Genuine enterprises suffer even as taxmen bust networks of fake entities and bogus input tax credit (ITC) claims running into hundreds of crores of rupees. GST data mismatch between the filings of the buyer and the seller debar the former from claiming ITC.
ITC means GST credit for tax paid on purchase of goods or services that will be used for business – say GST paid on raw material. This ITC value can be reduced from the buyer’s GST liability.
Genuine buyers, due to data mismatch, have to reverse their ITC claims – the sum involved for a large company could run into crores of rupees.
Most ITC-related issues relate to incorrect or non-filing by the supplier, leading GST authorities to conclude that the supplier has not paid the tax, Ankit Kanodia, an advocate, said. In turn, the authorities hold that the buyer (recipient of goods or services) is not entitled to ITC against such a purchase.
During GST audit, a common question relates to the reconciliation of ITC in the buyer’s Form GSTR 2A/GSTR-2B, with monthly returns uploaded by the dealer in Form GSTR 3B. In case of a mismatch, the buyer may be required to reverse the ITC arising from these mismatches,” Yusuf Hakim, indirect tax partner at CNK & Associates, said.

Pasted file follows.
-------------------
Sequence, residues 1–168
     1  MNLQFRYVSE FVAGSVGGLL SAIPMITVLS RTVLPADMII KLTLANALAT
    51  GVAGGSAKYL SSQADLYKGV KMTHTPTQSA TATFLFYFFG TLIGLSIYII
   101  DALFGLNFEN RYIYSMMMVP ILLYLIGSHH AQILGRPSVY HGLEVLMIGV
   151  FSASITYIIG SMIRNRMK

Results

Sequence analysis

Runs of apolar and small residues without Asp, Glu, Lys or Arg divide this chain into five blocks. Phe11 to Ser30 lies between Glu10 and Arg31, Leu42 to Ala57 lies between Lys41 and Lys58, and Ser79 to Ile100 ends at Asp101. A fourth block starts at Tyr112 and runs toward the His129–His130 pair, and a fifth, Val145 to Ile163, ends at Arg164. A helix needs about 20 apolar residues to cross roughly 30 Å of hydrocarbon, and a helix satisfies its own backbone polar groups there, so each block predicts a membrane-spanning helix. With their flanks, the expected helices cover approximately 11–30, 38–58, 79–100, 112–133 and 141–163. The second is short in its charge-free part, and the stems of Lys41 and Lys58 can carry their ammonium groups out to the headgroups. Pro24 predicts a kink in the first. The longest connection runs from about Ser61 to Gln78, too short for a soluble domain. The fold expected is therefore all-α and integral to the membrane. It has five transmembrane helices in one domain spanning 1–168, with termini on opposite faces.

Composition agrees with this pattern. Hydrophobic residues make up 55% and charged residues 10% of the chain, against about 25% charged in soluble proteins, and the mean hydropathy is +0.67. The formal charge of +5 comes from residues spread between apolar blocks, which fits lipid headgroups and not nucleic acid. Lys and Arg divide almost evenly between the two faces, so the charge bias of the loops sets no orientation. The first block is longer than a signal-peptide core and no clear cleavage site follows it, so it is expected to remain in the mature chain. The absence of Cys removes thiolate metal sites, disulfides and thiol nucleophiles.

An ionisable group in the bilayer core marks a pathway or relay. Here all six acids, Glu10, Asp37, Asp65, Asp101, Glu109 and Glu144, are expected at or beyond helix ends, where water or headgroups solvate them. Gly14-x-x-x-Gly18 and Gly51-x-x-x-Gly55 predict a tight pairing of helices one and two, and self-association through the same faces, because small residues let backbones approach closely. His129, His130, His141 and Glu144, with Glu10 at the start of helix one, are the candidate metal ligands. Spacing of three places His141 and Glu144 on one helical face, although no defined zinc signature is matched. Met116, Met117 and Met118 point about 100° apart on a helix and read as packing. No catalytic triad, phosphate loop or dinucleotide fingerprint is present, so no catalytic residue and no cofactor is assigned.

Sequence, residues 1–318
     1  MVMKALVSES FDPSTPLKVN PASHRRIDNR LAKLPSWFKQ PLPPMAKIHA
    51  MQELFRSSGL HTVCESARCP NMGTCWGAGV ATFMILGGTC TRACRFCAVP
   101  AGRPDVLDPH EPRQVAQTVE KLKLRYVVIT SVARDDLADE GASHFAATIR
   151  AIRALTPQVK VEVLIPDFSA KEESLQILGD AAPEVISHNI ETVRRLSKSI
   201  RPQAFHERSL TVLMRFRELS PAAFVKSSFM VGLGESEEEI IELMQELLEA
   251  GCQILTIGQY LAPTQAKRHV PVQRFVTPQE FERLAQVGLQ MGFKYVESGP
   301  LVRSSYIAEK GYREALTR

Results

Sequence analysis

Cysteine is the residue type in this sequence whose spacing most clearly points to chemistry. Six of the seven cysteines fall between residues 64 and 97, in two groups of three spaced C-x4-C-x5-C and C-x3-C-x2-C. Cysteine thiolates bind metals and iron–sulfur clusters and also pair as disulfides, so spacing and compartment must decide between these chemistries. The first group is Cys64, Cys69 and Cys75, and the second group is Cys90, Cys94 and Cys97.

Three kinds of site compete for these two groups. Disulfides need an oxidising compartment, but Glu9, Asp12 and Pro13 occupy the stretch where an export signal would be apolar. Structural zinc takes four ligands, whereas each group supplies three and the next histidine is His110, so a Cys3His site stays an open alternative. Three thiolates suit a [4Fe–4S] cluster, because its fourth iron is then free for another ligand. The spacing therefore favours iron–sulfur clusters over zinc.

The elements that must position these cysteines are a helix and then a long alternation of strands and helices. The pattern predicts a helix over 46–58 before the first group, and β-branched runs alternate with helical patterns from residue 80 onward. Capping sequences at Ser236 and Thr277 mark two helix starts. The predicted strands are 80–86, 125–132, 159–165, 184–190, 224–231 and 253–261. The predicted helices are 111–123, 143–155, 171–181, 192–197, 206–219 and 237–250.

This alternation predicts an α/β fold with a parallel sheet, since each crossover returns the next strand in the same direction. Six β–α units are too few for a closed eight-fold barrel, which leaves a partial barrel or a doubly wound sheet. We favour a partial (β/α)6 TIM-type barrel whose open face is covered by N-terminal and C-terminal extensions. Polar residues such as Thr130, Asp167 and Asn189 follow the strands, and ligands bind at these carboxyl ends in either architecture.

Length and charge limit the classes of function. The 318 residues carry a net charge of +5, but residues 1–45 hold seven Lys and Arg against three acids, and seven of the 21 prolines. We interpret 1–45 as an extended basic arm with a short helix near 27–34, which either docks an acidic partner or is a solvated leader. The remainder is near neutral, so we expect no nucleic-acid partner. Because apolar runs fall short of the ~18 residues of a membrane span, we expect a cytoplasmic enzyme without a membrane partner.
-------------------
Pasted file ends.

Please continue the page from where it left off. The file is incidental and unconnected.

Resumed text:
According to Hakim, “A recent roll-out of the automated scrutiny mechanism has made buyers more prone to scrutiny and demands. It is a double whammy for genuine buyers as they have already paid the GST to the seller (as part of the invoice amount) and are made to pay it again, via a reversal of the ITC claim. Typically, an 18% interest and penalties, which can be up to 100% of the mismatched ITC figure, are also imposed .
Recently, the Calcutta HC, in the case of Suncraft Energy, held that before demanding reversal of ITC from the buyer, the authorities must take action against the supplier. The HC also referred to two press notes issued in 2018, which emphasised that non-payment of tax by the seller does not automatically result in reversal of ITC in the buyer’s hands. However, amendments in the GST law have diluted the impact of this decision.
Kanodia, who represented the matter, said, “16(2)(aa) came into effect from 2022. It provides that a buyer is eligible for GST only if the supplier reports invoice details in its outward return (GSTR-1). This gets auto-populated in the buyer’s Form GSTR-2B.”